Michelle Carter has been found guilty of involuntary manslaughter for texting her 18-year-old boyfriend, Conrad Roy, that he should commit suicide when she was 17.
After a lengthy trial, Michelle Carter, 20, was found guilty of involuntary manslaughter in a Massachusetts court after sending boyfriend Conrad Roy, 18, dozens of texts urging him to kill himself in 2014. Michelle was 17 years old when the incident occurred. According to their hours-long text conversations and phone calls, Conrad was reluctant to commit suicide, but Michelle continuously pressured him to go through with it. Conrad died after filling his car with carbon monoxide in a Kmart parking lot near their homes in Massachusetts. There is no law in the books in Massachusetts about encouraging someone to commit suicide, and during the trial Michelle’s lawyers said that prosecutors were stretching the definition of “involuntary manslaughter” in trying to convict Michelle.
Nevertheless, she was convicted of the crime for sending the texts and making phone calls to her young boyfriend as he took his own life. Michelle waived the right to trial by jury, so Juvenile Court Judge Lawrence Moniz decided her fate. Moniz determined that while Conrad took “significant actions of his own to end his life,” Michelle ordering him over the phone to get back into his carbon monoxide-filled truck “constituted wanton and reckless conduct.” Michelle didn’t call anyone for help, or tell him to leave the truck, the judge said. Michelle, her family, and Conrad’s family all sobbed as the Moniz read the verdict, according to NYT reporters present in court. She’s expected to be sentenced on August 3, and faces up to 20 years in prison.
Laurie Levenson, a law professor at Loyola Law School in Los Angeles, said that Michelle’s conviction is unlikely to set a legal precedent in Massachusetts, but it could have a social impact. “On the broader societal spectrum, I think it sends a message that behavior that we sometimes attribute to odd teenage behavior can actually be so extreme that it’s homicide,” she told NYT. “What used to be seen as just a tragedy. is now going to be classified, perhaps, as a crime.”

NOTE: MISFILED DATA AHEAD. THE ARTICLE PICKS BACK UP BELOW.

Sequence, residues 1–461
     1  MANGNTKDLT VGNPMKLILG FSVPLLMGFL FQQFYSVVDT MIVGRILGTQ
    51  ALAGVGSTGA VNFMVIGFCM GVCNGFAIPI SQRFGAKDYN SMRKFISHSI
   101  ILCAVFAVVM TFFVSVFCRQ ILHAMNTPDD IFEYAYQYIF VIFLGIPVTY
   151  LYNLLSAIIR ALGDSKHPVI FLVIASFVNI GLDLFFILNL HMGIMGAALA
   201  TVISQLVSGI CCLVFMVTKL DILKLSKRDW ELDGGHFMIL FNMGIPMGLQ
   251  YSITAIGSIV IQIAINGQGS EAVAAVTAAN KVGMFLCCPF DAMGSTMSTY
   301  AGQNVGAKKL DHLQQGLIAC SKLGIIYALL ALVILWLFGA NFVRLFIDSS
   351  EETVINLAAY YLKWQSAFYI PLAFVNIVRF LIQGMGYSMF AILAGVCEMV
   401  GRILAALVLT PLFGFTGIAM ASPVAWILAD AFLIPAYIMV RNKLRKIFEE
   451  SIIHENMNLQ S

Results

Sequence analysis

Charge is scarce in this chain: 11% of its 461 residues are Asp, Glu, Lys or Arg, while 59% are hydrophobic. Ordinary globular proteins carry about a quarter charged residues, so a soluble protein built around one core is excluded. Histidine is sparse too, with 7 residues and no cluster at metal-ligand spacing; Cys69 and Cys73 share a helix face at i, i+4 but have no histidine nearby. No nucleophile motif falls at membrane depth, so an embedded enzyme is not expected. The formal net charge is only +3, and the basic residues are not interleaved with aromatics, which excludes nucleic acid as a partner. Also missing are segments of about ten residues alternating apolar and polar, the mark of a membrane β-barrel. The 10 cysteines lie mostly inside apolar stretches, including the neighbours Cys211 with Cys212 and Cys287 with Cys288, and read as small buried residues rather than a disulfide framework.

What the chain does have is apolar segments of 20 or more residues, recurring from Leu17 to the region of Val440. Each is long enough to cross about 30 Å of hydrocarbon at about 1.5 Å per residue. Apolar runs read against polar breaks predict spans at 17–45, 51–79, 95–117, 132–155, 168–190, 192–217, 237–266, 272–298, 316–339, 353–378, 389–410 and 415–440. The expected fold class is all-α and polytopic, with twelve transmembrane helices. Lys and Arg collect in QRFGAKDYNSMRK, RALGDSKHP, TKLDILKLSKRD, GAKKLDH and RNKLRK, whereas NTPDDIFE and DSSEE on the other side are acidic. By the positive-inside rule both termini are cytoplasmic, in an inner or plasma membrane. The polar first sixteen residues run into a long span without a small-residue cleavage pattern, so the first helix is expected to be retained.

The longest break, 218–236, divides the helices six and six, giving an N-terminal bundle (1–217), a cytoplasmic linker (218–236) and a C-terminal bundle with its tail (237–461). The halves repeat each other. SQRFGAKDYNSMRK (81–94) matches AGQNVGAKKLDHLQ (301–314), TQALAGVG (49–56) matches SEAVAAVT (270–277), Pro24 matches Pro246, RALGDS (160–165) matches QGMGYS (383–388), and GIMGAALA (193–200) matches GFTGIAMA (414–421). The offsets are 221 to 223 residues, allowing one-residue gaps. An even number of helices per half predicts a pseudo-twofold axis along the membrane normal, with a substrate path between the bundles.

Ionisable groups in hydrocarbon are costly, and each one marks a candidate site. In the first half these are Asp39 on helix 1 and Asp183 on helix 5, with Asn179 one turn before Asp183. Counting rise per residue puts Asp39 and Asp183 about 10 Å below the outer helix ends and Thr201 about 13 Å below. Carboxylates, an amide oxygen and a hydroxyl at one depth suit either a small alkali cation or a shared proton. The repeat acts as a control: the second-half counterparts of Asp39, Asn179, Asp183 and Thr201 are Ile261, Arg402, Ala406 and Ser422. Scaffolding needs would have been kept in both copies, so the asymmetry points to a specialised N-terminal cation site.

Assistant District Attorney Katie Rayburn argued in the trial that allow Michelle wasn’t physically present when Conrad killed himself, her conviction is still warranted. “People fall in love on the internet and via text, people bully via text and the internet, and you can encourage someone to die via text,” she told the court. “Ms. Carter was not in the parking lot with Mr. Roy [but] she was in his ear, she was in his mind, she was on the phone, and she was telling him to get back in the car even though she knew he was going to die.”
The texts Michelle sent her boyfriend over the course of this horrific ordeal are truly appalling. “You’re ready and prepared. All you have to do is turn the generator on and you [will] be free and happy. No more pushing it off, no more waiting,” he texted him. “You just need to do it Conrad. The more you push it off, the more it will eat at you”; “If you want it as bad as you say you do, its [sic] time to do it today.”
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